# Homework Help: Laplace's equation on a wedge

1. Mar 8, 2012

### tjackson3

1. The problem statement, all variables and given/known data

Find the solution of Laplace's equation for $\phi(r,\theta)$ in the circular sector $0 < r < 1; 0 < \theta < \alpha$ with the boundary conditions $\phi(r,0) = f(r), \phi(r,\alpha) = 0, \phi(1,\theta) = 0.$ (also, implicitly, the solution is bounded at r = 0). Use two different spectral representations. (note: this just means do the problem twice, expanding in a different variable each time). Below is a crude MS Paint drawing of the boundary conditions, just to summarize:

http://tjackson3.webs.com/laplace.png [Broken]

2. Relevant equations

In polar coordinates, Laplace's equation is

$$\frac{\partial^2 \phi}{\partial r^2} + \frac{1}{r}\frac{\partial \phi}{\partial r} + \frac{1}{r}^2\frac{\partial^2\phi}{\partial \theta^2}$$

3. The attempt at a solution

As I said, the goal of this problem is to use an eigenfunction expansion. We have to solve the problem twice - once using the eigenfunction corresponding to r, once using the eigenfunction corresponding to θ. Despite the fact that the θ variable is the inhomogeneous one, I was able to complete the eigenfunction expansion in that one. The problem kicked in for the r variable.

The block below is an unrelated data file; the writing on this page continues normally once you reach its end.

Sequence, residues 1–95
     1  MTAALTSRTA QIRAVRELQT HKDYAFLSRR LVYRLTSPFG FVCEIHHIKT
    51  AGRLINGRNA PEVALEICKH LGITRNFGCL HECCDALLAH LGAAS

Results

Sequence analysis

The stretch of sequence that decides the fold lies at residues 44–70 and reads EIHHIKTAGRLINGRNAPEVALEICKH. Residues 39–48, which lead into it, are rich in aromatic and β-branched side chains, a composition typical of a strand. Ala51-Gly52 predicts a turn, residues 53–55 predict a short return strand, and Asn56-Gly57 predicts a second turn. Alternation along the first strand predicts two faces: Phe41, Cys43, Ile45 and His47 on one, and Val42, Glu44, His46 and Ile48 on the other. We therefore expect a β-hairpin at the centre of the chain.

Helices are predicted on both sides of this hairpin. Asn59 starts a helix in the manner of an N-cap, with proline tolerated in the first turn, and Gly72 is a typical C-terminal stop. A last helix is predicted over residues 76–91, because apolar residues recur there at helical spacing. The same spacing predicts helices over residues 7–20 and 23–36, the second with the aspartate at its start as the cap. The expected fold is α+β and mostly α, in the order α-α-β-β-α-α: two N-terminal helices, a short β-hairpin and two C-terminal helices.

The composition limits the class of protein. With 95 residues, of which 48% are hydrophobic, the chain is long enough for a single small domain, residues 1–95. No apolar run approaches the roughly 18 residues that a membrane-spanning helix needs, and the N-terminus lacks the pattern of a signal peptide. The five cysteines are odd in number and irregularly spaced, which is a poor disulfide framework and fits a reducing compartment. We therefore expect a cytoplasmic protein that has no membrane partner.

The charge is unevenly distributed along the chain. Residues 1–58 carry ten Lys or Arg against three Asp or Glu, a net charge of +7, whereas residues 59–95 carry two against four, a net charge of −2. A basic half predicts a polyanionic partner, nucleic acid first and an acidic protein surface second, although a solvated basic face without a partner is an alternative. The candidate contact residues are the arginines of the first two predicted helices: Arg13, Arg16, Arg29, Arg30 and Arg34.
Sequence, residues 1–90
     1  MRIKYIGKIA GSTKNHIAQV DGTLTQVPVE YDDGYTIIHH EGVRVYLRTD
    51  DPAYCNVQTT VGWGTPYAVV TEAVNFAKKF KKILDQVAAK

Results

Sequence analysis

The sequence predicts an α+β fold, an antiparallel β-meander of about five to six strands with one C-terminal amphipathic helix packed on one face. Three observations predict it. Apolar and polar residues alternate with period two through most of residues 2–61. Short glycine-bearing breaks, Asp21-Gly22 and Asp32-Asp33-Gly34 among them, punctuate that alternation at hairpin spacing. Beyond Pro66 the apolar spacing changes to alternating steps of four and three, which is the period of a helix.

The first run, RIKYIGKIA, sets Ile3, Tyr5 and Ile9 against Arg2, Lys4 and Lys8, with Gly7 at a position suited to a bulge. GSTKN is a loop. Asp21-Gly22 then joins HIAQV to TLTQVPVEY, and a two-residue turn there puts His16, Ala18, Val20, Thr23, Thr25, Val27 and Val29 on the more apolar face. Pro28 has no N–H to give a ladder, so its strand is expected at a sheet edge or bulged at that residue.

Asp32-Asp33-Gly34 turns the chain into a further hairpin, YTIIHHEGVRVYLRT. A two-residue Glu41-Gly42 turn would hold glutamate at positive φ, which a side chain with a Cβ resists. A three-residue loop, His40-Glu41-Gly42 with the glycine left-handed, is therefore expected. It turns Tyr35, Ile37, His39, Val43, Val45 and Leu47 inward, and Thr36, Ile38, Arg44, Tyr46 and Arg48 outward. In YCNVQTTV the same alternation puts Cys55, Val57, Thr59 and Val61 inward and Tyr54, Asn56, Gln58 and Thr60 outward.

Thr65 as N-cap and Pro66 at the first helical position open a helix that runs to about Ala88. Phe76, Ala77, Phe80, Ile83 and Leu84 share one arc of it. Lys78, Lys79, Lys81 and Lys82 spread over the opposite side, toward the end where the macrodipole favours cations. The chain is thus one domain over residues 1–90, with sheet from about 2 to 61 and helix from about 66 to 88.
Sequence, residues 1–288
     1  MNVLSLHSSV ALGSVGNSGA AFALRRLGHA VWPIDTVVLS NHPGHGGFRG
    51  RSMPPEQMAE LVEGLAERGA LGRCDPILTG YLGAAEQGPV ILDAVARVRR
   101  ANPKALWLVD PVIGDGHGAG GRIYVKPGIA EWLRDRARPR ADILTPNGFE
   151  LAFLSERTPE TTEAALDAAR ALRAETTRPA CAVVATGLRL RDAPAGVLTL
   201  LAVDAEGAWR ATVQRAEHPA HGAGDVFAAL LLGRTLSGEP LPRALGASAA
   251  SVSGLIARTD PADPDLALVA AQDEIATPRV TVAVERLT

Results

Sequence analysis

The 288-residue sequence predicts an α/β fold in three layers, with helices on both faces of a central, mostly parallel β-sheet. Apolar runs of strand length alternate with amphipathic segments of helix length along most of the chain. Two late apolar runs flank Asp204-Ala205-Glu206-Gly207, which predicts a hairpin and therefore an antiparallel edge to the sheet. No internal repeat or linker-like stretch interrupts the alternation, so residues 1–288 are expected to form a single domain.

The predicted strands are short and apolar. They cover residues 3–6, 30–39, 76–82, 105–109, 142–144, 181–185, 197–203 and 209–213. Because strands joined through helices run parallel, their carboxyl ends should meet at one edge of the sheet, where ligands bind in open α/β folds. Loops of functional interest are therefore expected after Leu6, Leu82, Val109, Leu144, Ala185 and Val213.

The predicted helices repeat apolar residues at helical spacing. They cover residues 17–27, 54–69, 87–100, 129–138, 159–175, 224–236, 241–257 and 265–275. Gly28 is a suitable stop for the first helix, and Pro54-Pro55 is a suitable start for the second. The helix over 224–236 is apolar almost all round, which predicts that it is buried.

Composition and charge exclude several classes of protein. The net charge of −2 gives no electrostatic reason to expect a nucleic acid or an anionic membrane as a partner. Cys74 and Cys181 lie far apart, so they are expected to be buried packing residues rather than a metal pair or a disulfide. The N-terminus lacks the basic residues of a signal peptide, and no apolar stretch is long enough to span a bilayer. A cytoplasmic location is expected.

If you do the usual separation of variables ($\phi(r,\theta) = u(r)v(\theta)$, and collect the r terms, you find that the r eigenfunction has to satisfy

$$r^2 \frac{d^2u}{dr^2} + r\frac{du}{dr} - \lambda u = 0$$

with the boundary conditions that $u(1) = 0, |u(0)| < \infty$. Unlike the normal case when you deal with Laplace's equation on a circle, we can't stipulate that $\lambda$ is an integer. There are two cases to consider, and they both seem unlikely. Prior experience leads me to assume $\lambda > 0$, so for simplicity, let $\lambda = \mu^2$. Then the solution to the above ODE is

$$u(r) = c_1 r^{\mu} + c_2 r^{-\mu} = c_1 e^{\mu\ln r} + c_2 e^{-\mu\ln r}$$

Since $u(0)$ has to be bounded, we know that $c_2 = 0$. But now the problem is that there's no way to make $u(1) = 0$ without setting $c_1 = 0$, which we obviously can't do. Does anyone have any experience with how to get around this problem?

Thanks!

edit: If you assume lambda is negative, then you would get oscillatory functions: $u(r) = c_1\sin(\mu\ln r) + c_2\cos(\mu\ln r)$, which could solve the problem at r = 1, but obviously has trouble as r goes to zero.

Last edited by a moderator: May 5, 2017
2. Mar 10, 2012

### sunjin09

I have the feeling that your radial component eigenfunction is the Bessel function of some non-integer order, try to compare Bessel equation to your radial ODE and see if there is a match